THE chief executive of Premier Christian Media, Peter Kerridge, died on Saturday, aged 63, after suffering from acute leukaemia for more than a year. The Archbishop of Canterbury was among those who paid tribute, describing Kerridge as “a witness to Jesus throughout his life”, whose death was “a huge loss to Christian broadcasting and more widely, Christian testimony and witness”. The Coptic Orthodox Archbishop Angaelos of London described Kerridge as a “pioneer and champion of electronic and online ministry for decades, and a visionary whose legacy will live on to impact and benefit many for years to come”.

 

Archbishop patron of new Gypsy church group

THE Archbishop of York has become a patron for the organisation Gypsy Roma and Traveller Friendly Churches. It was established after the General Synod voted in 2019 to support the appointment of chaplains to Gypsies, Roma, and Travellers in every diocese, for church leaders to speak out against racism, and to encourage the making available of land for new Gypsy and Traveller sites. Archbishop Cottrell, who introduced the Synod debate, said: “My prayer is that every church becomes a place where people from these culturally rich and godly communities are welcomed.” The chaplain for Durham diocese, the Revd Nicky Chater, who chairs Gypsy Roma Traveller Friendly Churches, said that she was “shocked by the systematic and deeply ingrained racism there is towards Gypsies, Roma and Travellers. . . It’s vital that the Church challenges this injustice.”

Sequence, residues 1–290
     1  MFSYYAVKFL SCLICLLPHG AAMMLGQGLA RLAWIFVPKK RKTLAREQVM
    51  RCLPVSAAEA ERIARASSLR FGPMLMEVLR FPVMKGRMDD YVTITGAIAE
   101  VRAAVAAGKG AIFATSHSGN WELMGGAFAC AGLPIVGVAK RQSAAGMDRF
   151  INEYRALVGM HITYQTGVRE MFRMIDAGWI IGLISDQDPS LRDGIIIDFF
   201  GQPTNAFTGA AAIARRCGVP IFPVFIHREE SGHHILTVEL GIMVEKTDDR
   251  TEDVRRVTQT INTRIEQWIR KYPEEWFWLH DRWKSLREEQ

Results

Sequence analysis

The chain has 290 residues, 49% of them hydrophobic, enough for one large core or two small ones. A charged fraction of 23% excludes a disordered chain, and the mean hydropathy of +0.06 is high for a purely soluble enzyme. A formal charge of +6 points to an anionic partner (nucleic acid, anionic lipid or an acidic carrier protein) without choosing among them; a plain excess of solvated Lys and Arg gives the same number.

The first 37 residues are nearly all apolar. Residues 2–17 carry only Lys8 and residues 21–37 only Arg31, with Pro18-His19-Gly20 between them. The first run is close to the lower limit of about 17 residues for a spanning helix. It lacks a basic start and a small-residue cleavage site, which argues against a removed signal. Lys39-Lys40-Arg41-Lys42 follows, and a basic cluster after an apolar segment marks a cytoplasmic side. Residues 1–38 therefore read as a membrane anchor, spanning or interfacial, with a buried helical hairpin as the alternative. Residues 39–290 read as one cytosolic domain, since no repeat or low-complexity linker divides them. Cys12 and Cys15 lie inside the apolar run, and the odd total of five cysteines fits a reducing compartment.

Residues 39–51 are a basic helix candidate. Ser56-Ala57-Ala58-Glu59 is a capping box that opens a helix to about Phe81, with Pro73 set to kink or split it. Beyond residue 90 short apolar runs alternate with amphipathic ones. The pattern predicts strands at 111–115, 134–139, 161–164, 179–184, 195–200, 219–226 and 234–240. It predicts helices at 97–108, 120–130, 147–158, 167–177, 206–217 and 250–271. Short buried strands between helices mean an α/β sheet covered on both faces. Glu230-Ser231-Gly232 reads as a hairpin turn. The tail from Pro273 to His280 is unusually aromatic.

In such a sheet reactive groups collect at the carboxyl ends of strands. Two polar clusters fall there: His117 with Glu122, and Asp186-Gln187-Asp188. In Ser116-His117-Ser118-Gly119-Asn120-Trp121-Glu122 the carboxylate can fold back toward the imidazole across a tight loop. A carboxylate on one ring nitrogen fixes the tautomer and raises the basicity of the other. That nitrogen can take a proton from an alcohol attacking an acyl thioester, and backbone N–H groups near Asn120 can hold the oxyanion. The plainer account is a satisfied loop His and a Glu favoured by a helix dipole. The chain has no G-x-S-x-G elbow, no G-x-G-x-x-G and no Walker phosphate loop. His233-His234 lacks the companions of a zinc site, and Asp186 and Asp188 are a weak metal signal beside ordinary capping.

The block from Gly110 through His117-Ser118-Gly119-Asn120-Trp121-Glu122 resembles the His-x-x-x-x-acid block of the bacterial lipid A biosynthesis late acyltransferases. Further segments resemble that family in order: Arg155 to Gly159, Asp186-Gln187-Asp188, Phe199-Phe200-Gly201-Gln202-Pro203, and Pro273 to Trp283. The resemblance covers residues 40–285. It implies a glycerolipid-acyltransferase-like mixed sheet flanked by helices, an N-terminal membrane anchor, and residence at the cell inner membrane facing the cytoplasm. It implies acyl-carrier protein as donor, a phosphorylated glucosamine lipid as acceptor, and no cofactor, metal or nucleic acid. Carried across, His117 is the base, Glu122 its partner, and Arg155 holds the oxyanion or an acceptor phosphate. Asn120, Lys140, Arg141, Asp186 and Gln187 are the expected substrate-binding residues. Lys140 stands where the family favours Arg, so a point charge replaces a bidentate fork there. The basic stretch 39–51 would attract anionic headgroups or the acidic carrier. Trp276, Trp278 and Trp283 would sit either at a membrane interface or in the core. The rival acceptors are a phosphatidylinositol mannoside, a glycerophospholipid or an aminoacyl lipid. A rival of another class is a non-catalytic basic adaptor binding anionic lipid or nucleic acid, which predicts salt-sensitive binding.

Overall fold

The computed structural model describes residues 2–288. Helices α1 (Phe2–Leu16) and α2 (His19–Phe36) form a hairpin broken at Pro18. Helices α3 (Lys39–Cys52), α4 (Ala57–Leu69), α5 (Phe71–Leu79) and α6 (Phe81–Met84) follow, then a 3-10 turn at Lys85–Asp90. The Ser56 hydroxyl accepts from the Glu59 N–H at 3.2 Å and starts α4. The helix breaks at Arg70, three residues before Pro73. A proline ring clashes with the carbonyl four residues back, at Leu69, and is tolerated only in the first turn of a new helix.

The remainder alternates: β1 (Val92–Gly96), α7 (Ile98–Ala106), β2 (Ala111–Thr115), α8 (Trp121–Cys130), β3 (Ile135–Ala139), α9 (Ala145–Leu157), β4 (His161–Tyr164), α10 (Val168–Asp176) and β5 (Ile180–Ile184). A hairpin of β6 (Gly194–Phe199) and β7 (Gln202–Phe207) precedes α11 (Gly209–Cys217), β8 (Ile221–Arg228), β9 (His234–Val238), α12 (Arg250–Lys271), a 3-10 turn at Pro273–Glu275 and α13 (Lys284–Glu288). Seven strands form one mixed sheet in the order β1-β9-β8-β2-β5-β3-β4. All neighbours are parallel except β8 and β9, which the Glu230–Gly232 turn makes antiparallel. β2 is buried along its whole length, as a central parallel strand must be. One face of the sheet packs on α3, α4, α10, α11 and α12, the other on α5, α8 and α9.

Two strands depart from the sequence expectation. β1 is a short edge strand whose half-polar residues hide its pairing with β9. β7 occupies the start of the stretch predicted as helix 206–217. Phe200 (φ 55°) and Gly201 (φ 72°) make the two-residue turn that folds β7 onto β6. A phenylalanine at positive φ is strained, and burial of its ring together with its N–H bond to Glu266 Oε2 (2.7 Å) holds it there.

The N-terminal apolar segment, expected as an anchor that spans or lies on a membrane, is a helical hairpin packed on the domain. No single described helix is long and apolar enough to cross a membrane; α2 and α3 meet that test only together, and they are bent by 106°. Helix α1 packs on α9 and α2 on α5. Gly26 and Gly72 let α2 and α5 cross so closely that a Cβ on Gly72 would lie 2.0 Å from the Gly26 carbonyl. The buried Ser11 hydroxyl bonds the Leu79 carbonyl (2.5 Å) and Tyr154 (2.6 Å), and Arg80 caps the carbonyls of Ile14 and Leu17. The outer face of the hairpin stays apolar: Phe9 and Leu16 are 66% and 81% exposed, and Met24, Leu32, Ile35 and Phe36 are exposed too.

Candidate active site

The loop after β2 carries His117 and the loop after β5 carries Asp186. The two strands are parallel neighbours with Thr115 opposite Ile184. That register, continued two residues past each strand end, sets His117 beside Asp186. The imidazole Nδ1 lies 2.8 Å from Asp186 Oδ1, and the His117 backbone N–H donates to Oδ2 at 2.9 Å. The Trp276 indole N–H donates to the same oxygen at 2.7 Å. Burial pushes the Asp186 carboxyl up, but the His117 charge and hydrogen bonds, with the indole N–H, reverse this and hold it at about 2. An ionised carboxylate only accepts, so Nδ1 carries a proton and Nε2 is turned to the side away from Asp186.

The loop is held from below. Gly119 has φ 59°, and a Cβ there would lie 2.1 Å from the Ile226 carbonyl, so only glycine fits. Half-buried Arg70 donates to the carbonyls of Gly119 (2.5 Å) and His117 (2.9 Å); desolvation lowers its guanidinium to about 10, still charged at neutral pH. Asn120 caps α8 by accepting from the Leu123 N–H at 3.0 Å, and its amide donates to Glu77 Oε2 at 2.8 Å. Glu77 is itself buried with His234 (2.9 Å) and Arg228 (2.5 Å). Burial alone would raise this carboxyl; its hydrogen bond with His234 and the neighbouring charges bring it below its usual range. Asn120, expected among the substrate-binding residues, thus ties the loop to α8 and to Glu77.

Former Liverpool vicar convicted of child abuse

A FORMER Vicar of St Peter’s, Woolton, John Roberts, 89, was convicted at Liverpool Crown Court last week of five non-recent sexual offences against a boy under the age of 14, and sentenced to a further four years in prison. He is currently serving a nine-year sentence for previous offences. In 2020, Roberts was found guilty of ten counts of indecent and sexual assault (News, 1 January 2021). The Bishop of Liverpool, the Rt Revd John Perumbalath, said in a statement after the conviction on Thursday of last week: “I want to thank all those who have diligently pursued this, and in particular pay tribute to the victims and survivors for their courage in coming forward and bringing this matter to justice. . . I hope anyone who has concerns about the past or current behaviour of individuals or the Church can raise them. I can assure you we will listen and act.”